Chuck Fletcher has been building to this hire since he was 22 years old, when he was known as Cliff Fletcher's son instead of an up-and-coming executive in the National Hockey League.
"This has been my dream since I realized I was a really bad hockey player at about the age of 8. This was my way to the NHL. I said to somebody (Thursday), 'I don't know how far I'll hit the ball, but I guarantee the bat won't stay on my shoulder.' I'll take a good swing. I feel I'm ready for it. I think we can do great things here." -- Chuck Fletcher
Fletcher was introduced Friday as the new general manager of the Minnesota Wild
by owner Craig Leipold. The Wild had been led by Doug Risebrough from their inception until April 16, when Leipold relieved the longtime GM of his duties.
Fletcher, who grew up watching his father run the Calgary Flames
and Toronto Maple Leafs
, is leaving his position the Pittsburgh Penguins
' assistant GM for his new job. He had been with the Penguins since 2006.
"This has been my dream since I realized I was a really bad hockey player at about the age of 8," Fletcher said. "This was my way to the NHL. I said to somebody (Thursday), 'I don't know how far I'll hit the ball, but I guarantee the bat won't stay on my shoulder.' I'll take a good swing. I feel I'm ready for it. I think we can do great things here."
The 42-year-old Fletcher comes from the new school of NHL executives. He's savvy, business-smart, well-versed in the collective bargaining agreement and handling the salary cap, and known for his strong people skills.
"Chuck has the qualities I was looking for in a general manager," Leipold said. "Chuck is organized, well-spoken, has a strong scouting background, has worked toward the development of young prospects and has negotiated many NHL contracts. Along with his past experience, Chuck has excellent leadership qualities and management skills that will certainly help him move quickly into this position."
Fletcher got his start as a player representative -- just as his former boss in Pittsburgh, Ray Shero
, did. So did Boston's Peter Chiarelli and two former NHL players, Vancouver's Mike Gillis and Tampa Bay's Brian Lawton
. They all followed Toronto's Brian Burke
and Los Angeles' Dean Lombardi, who were the first two former player agents turned GMs.
Ironically, Fletcher also worked as Burke's assistant in Anaheim during the 2005-06 season before joining Shero in Pittsburgh. While an undergrad at Harvard in 1989, he interned for the Vancouver Canucks
when Burke was the team's assistant GM.
"I think he's done every job that you need to do to prepare to be a GM so he's got the tool box," Burke, now the GM of the Toronto Maple Leafs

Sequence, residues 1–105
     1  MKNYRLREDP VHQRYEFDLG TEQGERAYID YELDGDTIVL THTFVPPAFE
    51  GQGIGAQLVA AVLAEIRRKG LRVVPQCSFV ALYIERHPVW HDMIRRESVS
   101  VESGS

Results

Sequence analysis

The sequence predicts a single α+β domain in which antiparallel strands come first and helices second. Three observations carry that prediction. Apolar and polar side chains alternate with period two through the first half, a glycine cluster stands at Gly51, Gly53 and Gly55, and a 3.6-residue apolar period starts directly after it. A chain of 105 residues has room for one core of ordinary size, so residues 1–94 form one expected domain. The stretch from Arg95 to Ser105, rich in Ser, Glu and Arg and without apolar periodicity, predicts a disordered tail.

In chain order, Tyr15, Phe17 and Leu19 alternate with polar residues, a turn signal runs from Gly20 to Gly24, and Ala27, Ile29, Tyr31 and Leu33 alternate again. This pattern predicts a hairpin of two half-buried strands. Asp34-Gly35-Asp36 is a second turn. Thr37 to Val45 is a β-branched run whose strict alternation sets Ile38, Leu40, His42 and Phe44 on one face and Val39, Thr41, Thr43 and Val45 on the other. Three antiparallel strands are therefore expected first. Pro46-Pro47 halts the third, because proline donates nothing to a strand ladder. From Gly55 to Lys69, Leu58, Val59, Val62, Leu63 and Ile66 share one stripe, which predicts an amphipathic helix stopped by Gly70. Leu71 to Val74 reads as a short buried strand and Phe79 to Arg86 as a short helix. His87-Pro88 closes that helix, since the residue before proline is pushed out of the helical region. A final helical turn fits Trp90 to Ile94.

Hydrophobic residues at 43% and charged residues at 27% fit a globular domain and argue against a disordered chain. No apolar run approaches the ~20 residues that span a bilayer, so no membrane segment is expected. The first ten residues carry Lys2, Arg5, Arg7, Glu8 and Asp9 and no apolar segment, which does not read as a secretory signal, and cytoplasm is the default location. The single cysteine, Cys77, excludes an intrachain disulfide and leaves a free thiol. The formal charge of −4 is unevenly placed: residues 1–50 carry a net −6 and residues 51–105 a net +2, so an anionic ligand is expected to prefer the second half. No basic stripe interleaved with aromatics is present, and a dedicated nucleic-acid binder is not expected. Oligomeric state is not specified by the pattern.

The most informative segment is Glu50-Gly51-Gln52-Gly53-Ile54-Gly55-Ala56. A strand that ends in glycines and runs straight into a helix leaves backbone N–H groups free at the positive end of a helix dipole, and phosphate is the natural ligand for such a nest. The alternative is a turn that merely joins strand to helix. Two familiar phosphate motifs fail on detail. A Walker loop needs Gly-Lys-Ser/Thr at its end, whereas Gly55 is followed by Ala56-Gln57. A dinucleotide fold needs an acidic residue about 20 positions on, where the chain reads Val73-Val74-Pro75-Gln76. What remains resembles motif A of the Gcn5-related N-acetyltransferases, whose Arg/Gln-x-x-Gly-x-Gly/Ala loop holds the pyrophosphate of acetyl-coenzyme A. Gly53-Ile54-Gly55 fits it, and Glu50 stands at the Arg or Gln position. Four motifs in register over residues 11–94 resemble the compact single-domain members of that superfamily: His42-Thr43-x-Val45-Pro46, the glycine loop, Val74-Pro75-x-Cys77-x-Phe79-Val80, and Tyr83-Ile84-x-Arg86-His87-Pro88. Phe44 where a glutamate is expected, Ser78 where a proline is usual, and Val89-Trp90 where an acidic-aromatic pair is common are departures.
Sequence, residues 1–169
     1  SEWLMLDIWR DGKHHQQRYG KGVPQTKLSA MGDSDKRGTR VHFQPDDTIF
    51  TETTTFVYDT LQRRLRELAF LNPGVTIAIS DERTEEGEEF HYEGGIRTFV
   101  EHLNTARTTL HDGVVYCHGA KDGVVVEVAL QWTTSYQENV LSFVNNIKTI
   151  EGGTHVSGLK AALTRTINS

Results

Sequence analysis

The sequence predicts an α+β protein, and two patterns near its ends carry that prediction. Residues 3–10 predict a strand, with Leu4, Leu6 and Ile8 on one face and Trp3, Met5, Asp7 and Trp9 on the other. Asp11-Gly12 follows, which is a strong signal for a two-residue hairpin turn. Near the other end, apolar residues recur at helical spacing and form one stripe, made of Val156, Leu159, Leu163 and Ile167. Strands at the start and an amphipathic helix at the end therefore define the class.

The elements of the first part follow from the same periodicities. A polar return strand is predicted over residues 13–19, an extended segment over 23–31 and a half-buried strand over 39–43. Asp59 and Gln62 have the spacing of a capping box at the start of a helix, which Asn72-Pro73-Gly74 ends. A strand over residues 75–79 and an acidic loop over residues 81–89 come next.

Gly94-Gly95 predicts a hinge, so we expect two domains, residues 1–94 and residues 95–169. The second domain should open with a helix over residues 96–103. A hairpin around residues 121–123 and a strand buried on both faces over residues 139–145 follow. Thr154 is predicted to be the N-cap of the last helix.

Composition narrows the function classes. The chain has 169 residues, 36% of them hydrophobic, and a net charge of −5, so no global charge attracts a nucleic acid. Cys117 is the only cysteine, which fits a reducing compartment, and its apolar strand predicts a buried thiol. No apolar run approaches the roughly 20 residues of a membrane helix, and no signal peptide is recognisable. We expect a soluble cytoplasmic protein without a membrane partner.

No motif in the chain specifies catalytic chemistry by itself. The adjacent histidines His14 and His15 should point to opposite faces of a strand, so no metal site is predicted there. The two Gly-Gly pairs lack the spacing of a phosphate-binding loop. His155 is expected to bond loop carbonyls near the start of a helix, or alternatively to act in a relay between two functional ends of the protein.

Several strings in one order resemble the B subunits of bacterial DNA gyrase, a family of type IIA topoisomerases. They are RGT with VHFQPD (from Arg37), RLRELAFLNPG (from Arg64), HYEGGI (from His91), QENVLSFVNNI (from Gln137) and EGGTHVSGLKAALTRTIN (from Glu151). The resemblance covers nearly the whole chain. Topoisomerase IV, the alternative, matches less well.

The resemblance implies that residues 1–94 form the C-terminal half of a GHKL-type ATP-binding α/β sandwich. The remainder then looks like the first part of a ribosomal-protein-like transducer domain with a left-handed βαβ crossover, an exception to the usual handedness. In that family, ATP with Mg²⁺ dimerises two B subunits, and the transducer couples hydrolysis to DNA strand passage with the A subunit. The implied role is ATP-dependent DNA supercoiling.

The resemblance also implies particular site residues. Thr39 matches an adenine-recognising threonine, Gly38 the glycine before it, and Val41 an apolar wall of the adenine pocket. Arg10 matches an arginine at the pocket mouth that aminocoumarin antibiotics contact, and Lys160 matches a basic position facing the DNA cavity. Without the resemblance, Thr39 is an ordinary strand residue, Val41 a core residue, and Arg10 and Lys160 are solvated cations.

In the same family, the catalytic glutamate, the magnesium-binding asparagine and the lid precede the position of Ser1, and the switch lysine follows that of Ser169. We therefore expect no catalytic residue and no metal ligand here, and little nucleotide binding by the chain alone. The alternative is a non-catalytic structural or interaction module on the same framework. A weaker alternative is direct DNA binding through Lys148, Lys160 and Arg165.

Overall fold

, told NHL.com. "A lot of guys have only done one part of it and they learn on the job and he's really got the tool box filled.
"You can get guys to handle the cap for you," Burke added. "It's the talent evaluation, running a farm team, handling amateur scouting experience and pro scouting. He's done all of that."
Fletcher graduated from Harvard in 1990 and spent one year as the Sales and Merchandising Coordinator for Hockey Canada before serving two years as a player representative for Newport Sports Management. He jumped right into the front office business in 1993 with the expansion Florida Panthers
after being hired by Bob Clarke and helped select a lot of the players who led the Panthers to the Stanley Cup Final in 1996.
Fletcher spent seven seasons in Florida as the assistant GM to Bryan Murray before taking over as interim GM on Dec. 3, 2001. He served in that position until the end of the regular season, when he moved across the continent to work in Anaheim's front office.
After his one season with Burke, in which he helped put a lot of the core players in place to lead the Ducks to the Stanley Cup title in 2007, he joined Shero's staff in 2006.
Under Fletcher's guidance, the Wilkes-Barre/Scranton Penguins reached the American Hockey League's Calder Cup Finals last season. The Pittsburgh Penguins
also went to the Stanley Cup Final.
"The best managers will tell you that they don't know everything," Fletcher said. "They might not even know a lot sometimes. They hire good people, delegate and listen. They involve the group in decisions and are willing to admit mistakes. It's humility. It's working within a team. It's delegating."
Contact Dan Rosen at firstname.lastname@example.org